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Grady grates on fans (cont.)

Posted: Thursday September 20, 2007 1:33PM; Updated: Thursday September 20, 2007 3:35PM
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• Sept. 9: Little removed his ace, Brad Penny, after Penny let the tying run reach base on a leadoff eighth-inning double. Penny had thrown 82 pitches. This was more easily explained than what happened with Lowe and Billingsley, since there was no pinch-hitting opportunity immediately preceding. But then Little ended up using lefty Joe Beimel just to give Barry Bonds an intentional walk, before replacing Beimel with righty Jonathan Broxton even though switch-hitting pinch-hitter Ray Durham is a better hitter from the left side.

• Sept. 11: After an off-day the Dodgers faced San Diego in their biggest series of the year. Another waiver claim, Esteban Loaiza, allowed four runs on four walks, two singles and a homer in the first two innings. The Dodgers loaded the bases in the bottom of the second inning, but even with an endless September bullpen to choose from, Little left Loaiza in to bat for himself.

Though the Dodgers won two of those five games, much remaining patience with Little seemed to be lost. The Dodgers were compelled to make statements defending him, suggesting that few if any could have done better in blending the Dodgers' mix of old and young players.

Internet chatters and talk show callers weren't satiated, feeling that Little should have been less concerned about players' feelings and more concerned with just getting the right players in the games. (In fact, dissatisfaction with Little has spun into a separate side battle between the Dodgers and their radio outlet as to whether the host of the team's postgame call-in show should attempt to calm the more exasperated callers.) Reports of anonymous Dodgers questioning Little's lineups fueled the fire.

And so now the Dodgers, a team that went from 1954 to '96 with only two managers, have die-hard fans calling for them to fire their fifth manager since that time. It has been less than two years since the last one, Jim Tracy, was cashiered.

To be sure, not everyone thinks Little is the Dodgers' biggest problem. Some have blamed injuries, but Colletti is also taking a good deal of heat. He has a mixed record at best in player acquisitions, and there's a strong case to be made that most credit for whatever success the Dodgers are having should go to assistant GM of scouting Logan White, the man in charge of drafting most of the team's young talent. White and vice president/assistant GM Kim Ng are among the top candidates for any major league GM openings, and plenty have suggested that the Dodgers would be worse off to lose either of those two than Colletti.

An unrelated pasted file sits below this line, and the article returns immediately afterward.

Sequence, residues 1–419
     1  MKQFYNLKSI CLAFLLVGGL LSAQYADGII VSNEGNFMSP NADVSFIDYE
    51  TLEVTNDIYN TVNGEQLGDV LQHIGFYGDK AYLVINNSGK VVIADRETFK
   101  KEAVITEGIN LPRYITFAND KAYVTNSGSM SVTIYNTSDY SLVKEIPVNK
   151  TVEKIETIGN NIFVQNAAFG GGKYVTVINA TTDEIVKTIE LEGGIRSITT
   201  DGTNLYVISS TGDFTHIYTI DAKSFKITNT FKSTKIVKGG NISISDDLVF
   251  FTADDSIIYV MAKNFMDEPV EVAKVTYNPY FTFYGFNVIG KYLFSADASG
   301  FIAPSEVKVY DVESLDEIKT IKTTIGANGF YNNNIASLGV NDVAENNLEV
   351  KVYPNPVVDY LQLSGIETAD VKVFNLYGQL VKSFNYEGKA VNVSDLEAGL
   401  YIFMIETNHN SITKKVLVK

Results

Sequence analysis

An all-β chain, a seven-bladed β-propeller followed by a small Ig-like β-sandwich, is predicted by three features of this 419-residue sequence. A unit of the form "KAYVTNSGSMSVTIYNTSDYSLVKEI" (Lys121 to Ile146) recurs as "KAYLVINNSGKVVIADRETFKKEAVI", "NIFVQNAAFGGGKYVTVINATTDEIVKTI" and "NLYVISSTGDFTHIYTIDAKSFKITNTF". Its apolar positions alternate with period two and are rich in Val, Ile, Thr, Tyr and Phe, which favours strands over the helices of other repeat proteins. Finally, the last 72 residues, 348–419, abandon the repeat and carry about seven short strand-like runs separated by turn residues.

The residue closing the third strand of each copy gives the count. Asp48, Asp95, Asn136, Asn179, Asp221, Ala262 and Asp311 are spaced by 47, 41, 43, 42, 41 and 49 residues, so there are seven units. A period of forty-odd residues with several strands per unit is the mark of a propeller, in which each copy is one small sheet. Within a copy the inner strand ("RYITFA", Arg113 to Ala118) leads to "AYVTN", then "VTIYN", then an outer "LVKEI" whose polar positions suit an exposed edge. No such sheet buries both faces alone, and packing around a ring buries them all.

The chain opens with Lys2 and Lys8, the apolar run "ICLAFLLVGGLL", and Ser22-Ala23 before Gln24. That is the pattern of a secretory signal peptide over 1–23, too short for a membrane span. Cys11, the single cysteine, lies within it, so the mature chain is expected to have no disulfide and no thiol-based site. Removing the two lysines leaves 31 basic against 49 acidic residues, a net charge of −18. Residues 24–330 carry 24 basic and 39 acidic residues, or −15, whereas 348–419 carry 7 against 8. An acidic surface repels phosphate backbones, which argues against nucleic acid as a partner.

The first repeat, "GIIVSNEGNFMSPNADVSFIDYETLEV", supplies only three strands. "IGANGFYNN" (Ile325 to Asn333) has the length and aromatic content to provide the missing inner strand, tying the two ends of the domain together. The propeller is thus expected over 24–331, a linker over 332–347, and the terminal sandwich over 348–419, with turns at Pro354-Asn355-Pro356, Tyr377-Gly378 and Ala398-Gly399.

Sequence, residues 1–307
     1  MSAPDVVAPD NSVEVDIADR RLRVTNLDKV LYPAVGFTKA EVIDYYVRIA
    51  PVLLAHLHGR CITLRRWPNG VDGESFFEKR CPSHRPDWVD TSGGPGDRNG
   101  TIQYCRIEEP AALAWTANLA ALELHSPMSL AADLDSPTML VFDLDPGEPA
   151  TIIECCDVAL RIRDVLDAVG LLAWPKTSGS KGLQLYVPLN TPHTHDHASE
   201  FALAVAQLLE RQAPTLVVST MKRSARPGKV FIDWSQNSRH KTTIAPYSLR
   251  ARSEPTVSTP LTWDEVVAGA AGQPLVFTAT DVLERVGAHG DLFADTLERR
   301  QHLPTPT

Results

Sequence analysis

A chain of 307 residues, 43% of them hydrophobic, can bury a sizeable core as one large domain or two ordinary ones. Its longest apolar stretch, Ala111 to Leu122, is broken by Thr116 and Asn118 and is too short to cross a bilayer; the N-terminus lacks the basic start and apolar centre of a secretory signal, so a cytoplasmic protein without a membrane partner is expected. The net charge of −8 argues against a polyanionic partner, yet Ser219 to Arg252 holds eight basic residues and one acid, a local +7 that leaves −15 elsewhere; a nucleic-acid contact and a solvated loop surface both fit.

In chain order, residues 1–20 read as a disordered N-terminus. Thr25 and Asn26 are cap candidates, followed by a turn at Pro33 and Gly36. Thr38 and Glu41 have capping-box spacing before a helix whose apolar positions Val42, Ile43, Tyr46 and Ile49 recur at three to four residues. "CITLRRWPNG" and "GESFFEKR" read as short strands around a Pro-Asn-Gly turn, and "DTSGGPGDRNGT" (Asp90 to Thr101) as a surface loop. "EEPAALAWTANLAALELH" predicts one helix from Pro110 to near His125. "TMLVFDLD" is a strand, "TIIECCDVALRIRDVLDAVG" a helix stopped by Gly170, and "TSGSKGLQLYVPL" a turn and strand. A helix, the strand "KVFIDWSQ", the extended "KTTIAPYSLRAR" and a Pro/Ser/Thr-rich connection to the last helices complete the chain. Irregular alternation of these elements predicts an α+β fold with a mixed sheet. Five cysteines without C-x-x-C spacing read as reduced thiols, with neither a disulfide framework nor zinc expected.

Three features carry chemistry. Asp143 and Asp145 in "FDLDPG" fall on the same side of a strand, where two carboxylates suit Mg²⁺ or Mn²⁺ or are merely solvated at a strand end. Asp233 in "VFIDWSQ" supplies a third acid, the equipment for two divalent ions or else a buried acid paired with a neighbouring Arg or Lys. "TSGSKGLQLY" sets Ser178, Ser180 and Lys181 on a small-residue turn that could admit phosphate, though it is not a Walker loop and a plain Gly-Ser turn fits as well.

Going into play today, the Dodgers have lost 73 games, six more than the top three teams in the NL, Arizona, San Diego and the New York Mets. Six months of baseball, six extra losses. One extra loss a month could be the difference between the Dodgers playing in October and watching on TV. The difference between center stage and the alley out back. And, perhaps, the difference between the forgivable and the unforgivable.

Little will be back with the Dodgers in 2008, working under Colletti. But the clock is ticking for one if not both. In one respect, Little may have it easier: With the Dodger prospects a year older, some fully blossoming, there should be less uncertainty with the team's daily lineup. However, fans will be expecting Little to put the team back in the playoffs -- and also to change some of his ways.

The latter, at least, is something managers tend not to do. If there isn't measurable improvement for the Dodgers next season -- in an NL West that itself has been measurably improving -- the Dodgers themselves might be fully prepared to do the easiest thing in baseball, before attempting the hardest. Little hasn't lost the game in Los Angeles yet, but trouble is warming up in the bullpen.

Jon Weisman writes about the Dodgers and baseball at Dodger Thoughts.

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